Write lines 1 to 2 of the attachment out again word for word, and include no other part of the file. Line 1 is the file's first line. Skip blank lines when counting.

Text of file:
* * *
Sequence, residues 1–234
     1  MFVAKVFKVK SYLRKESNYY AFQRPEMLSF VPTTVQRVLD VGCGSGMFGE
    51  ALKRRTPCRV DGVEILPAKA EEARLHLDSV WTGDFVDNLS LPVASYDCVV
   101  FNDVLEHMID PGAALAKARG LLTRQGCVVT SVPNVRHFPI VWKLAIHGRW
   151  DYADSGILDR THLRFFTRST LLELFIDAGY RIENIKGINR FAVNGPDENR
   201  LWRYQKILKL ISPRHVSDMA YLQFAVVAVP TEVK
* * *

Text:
Sequence, residues 1–234
     1  MFVAKVFKVK SYLRKESNYY AFQRPEMLSF VPTTVQRVLD VGCGSGMFGE